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Website builders are one of the staple products of the internet. From Geocities in 1994, to Blogger in 2004, to Squarespace in 2014, to Gatsby in 2020, these tools continue to occupy a central place on the web. However, one of these things is not like the other…

You can draw a straight line between Geocities and Squarespace, in terms of functionality and interface. If you transported a 1994 Geocities user twenty years into the future, that person would be able to start using Squarespace within a few minutes. But they would be utterly flummoxed by Gatsby, and similar cloud native tools like Jekyll, Hugo and NextJS.

It’s not that websites themselves have changed (much). They’re still rendered with HTML and other web standards like CSS. But how they get compiled and delivered has changed a lot in the past few years.


Richard MacManus

Richard is senior editor at InApps and writes a weekly column about what’s next on the cloud native internet. Previously he founded ReadWriteWeb in 2003 and built it into one of the world’s most influential technology news and analysis sites.


Gatsby is what’s known as a “static site generator,” which the company defines as “a software application that creates HTML pages from templates or components and a given content source.” Once created, the HTML pages are delivered to users via content delivery networks (CDNs), rather than web servers, which makes delivery speedier and more resilient.

The full functionality of Gatsby’s platform is more akin to WordPress than Squarespace. As CEO and co-founder Kyle Mathews told Forbes, “we think of ourselves as the [content management system] for the cloud era.”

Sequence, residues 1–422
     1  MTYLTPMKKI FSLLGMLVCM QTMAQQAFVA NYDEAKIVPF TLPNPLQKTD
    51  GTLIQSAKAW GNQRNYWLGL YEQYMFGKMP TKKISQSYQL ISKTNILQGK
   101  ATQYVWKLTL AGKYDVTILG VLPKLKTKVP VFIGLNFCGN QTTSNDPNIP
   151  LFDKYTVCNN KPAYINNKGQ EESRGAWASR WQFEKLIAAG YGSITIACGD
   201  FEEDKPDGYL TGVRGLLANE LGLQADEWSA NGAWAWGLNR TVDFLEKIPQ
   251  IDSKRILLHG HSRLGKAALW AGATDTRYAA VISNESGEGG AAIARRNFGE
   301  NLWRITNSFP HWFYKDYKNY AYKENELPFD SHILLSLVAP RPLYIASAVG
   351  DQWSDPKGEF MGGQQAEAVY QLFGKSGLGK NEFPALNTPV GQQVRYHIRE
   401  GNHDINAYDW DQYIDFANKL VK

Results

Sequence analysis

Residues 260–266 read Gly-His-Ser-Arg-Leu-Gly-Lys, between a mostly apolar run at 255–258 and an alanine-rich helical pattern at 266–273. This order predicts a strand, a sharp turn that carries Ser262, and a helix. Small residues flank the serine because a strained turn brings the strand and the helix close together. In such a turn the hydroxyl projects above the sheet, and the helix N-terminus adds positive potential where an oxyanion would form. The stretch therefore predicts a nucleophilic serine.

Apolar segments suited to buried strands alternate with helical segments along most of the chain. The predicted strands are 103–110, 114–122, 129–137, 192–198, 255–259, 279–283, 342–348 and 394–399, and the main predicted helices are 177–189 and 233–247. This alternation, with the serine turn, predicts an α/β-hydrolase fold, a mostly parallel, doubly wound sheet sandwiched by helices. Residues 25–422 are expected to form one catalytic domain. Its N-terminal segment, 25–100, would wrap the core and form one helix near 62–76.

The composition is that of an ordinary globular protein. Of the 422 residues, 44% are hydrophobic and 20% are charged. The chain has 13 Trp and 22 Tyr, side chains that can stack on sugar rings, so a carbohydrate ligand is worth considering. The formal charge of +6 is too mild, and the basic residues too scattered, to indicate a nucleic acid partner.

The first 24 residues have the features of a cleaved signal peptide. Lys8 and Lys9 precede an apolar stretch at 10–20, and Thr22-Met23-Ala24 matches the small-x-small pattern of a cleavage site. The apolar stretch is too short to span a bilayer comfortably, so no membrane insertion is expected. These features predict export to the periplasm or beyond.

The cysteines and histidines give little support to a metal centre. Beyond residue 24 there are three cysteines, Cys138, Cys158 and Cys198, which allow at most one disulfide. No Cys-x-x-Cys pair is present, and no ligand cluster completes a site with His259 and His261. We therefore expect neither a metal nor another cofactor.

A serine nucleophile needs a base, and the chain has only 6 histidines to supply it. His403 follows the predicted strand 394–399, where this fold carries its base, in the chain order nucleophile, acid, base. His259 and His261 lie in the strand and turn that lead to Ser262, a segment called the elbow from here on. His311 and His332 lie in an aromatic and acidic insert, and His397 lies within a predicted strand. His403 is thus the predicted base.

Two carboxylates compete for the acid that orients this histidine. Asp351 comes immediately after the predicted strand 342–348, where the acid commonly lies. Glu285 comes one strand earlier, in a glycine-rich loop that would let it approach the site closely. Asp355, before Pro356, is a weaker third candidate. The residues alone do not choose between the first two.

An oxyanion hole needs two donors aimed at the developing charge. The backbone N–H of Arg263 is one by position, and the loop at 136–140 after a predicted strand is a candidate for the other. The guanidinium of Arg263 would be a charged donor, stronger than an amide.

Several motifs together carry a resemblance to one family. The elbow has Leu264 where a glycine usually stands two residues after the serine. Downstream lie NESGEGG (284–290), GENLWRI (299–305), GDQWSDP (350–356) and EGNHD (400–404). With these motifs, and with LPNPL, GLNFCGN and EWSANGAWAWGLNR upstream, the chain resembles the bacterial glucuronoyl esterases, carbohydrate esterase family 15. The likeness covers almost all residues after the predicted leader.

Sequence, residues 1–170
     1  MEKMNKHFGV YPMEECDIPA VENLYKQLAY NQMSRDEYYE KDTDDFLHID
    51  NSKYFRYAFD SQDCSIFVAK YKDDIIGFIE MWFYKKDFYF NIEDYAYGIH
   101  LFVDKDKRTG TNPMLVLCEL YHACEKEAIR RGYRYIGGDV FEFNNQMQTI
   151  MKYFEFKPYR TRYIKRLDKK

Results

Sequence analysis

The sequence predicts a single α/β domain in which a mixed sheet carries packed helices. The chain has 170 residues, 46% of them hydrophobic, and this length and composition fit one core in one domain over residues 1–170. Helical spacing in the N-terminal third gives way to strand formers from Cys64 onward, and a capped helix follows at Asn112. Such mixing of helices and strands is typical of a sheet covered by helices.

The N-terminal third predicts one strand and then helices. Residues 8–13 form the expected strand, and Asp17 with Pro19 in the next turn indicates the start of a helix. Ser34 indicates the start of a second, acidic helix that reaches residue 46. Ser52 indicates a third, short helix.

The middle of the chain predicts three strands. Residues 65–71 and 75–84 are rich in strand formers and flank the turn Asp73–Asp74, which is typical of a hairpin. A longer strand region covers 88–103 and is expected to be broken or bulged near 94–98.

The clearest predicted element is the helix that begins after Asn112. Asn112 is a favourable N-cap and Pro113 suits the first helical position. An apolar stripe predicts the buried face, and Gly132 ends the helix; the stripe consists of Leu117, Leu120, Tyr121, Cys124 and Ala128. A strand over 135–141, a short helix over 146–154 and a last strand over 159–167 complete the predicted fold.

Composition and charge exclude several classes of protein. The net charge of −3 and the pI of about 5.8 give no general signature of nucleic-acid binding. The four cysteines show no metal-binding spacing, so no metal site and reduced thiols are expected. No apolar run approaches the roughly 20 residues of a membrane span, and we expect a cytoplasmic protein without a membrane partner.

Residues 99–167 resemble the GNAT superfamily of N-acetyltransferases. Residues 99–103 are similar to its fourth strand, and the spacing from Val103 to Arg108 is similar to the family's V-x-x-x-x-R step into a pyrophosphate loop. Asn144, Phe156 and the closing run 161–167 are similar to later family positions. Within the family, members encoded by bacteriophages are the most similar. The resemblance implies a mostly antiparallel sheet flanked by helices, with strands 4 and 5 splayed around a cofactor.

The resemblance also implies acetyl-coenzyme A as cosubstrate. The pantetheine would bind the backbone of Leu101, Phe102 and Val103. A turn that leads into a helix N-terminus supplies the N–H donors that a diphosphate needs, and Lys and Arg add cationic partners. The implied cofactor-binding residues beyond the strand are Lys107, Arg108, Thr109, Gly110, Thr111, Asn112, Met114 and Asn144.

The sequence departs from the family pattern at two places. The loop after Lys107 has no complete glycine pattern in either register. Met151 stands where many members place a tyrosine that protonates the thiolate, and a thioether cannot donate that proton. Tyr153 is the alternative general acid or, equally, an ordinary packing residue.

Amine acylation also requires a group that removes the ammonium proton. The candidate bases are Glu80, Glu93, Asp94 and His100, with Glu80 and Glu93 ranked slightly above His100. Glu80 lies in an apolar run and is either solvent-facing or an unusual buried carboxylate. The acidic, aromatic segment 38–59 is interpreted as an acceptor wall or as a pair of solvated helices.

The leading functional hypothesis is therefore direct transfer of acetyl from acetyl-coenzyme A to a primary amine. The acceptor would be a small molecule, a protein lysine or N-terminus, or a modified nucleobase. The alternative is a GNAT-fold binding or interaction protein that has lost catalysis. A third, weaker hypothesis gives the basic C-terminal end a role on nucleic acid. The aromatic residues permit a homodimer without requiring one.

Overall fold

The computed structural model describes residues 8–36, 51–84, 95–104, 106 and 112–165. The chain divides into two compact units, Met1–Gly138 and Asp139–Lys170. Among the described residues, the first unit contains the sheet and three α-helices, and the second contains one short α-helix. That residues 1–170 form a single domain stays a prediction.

That said, you can create a personal Gatsby website in a matter of minutes on Gatsby Cloud, the company’s commercial platform released last November. Gatsby Cloud is similar to, in that all the backend technology is hosted by the company.

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I decided to give it a spin. After checking a couple of Gatsby Cloud options, connecting to my GitHub account, and creating a free account at the “headless CMS” service Cosmic JS, I soon had a “Gatsby provisioned blog” set up.

Compared to a traditional website builder or CMS, it takes a bit of time to adjust to the new lingo (e.g. you “trigger build” instead of “publish”). Also you have to get used to working with more than one service. For instance, I updated my content in Cosmic JS (it’s called a “headless CMS” because there’s no presentation layer; it’s just the content by itself).

Gatsby Cloud interface.

Also, note the use of the word “provisioned.” Whereas or Squarespace would say it is hosting your blog, Gatsby Cloud says it provisions it. That word sums up what cloud native is all about — it means to supply you with the necessary services to (in this case) run a blog, which includes routing it to the nearest CDN of each reader.

Of course, Kubernetes is in the business of provisioning, too — just on a much larger scale. Kubernetes is more commonly known as a container orchestration platform, and Gatsby CEO Kyle Mathews appeared to reference this in his recent blog post announcing a $28M funding round, when he called Gatsby “the orchestration layer” for building websites.